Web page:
As we study the book of Hebrews, we find the new covenant consists primarily of our moral transformation as God writes His eternal moral law in our minds and hearts. Included in the new covenant is the statement that God will remember our sins no longer. However, God remembers our sins no longer only under the condition that we are cooperating with the Holy Spirit in becoming a new righteous creation. It is not at all true that God forgives our wickedness and remembers our sins no longer even though His law is never engraved in our minds and hearts.
The principal work of the Christian salvation is not forgiveness, but moral transformation—the formation of a new creation as Christ is created in us.
This is an area of tremendous confusion in Christian thinking!
How much more, then, will the blood of Christ, who through the eternal Spirit offered himself unblemished to God, cleanse our consciences from acts that lead to death, so we may serve the living God! (Hebrews 9:14)
Notice in the above verse that our conscience is not cleansed so we may go to Heaven but so we may serve God. Notice also that our conscience is not cleansed from guilt, but from acts that lead to death. It is acts of sin that lead to spiritual death (Romans 8:13).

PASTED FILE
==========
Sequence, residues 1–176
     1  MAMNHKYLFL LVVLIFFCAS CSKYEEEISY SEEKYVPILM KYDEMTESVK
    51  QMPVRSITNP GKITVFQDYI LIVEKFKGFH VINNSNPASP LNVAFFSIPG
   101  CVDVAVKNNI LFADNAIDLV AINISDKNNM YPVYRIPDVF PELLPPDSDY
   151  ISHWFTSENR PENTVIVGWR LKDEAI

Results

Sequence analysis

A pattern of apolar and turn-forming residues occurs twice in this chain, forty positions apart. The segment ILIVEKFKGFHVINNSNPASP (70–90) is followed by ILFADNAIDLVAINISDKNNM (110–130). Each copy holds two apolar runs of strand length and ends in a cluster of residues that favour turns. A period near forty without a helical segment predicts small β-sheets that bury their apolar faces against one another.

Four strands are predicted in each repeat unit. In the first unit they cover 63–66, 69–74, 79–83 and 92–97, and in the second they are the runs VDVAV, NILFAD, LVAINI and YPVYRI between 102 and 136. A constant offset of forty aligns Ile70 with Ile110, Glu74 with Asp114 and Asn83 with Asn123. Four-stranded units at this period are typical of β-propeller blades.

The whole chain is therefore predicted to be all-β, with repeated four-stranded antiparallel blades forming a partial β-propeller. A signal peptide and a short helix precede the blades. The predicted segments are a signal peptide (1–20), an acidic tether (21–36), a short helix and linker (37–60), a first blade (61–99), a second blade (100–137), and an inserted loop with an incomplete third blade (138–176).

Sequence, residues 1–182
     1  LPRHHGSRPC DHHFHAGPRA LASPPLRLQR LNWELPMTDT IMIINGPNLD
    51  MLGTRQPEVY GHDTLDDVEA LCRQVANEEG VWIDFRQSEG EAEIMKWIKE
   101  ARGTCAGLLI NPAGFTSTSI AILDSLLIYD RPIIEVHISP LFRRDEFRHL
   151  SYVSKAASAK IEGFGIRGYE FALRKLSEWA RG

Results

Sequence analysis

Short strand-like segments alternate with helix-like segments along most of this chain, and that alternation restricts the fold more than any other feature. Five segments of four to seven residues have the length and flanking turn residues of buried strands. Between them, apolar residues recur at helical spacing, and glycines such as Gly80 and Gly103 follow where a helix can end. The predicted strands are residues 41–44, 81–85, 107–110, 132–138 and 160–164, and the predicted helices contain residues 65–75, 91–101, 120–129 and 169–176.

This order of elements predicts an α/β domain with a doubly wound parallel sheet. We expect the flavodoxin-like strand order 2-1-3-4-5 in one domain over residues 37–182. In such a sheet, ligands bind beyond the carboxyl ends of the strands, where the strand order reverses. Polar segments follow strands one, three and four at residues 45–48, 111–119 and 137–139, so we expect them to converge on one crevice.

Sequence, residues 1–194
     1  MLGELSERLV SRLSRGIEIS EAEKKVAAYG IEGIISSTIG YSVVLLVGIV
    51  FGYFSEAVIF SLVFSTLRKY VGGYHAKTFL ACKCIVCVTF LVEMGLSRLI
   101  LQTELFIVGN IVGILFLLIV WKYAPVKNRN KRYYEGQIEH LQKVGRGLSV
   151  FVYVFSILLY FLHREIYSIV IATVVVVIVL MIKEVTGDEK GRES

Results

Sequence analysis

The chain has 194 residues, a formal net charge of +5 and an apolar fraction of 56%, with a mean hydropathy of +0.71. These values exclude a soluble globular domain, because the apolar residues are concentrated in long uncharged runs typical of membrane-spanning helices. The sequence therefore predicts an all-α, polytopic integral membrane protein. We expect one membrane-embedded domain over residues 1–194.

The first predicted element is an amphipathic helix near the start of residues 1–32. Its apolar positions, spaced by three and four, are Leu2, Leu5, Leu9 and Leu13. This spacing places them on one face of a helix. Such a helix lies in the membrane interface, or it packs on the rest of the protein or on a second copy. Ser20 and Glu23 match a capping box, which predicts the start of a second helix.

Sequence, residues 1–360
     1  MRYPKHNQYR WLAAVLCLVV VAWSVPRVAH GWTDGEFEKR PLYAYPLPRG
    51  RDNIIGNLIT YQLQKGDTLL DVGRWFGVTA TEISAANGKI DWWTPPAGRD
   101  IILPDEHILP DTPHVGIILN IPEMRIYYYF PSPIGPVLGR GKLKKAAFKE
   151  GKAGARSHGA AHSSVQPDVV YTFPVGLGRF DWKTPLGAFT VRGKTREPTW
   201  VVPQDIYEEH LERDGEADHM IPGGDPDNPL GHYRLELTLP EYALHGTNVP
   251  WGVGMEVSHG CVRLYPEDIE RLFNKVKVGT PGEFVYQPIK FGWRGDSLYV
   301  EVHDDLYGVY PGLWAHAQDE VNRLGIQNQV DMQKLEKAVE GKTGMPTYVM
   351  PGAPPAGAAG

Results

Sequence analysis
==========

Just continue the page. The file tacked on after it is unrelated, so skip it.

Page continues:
For this reason Christ is the mediator of a new covenant, that those who are called may receive the promised eternal inheritance—now that he has died as a ransom to set them free from the sins committed under the first covenant. (Hebrews 9:15)
“To set them free from the sins committed under the first covenant.” At first thought, we might interpolate the word “guilt” making the text read, “To set them free from the guilt of the sins committed under the first covenant.” This is the manner in which it would be read by many teachers today.
However, this change in the text does not fit the theme of the book of Hebrews, which is that of pressing forward into the rest of God and bearing the fruit of righteousness. It is true that when we receive Jesus Christ as our Lord and Savior, we are forgiven our sins. But this is only as we then live in obedience to the law of the Spirit of Life in Christ Jesus and turn aside from our sinful nature. (Romans 8:4)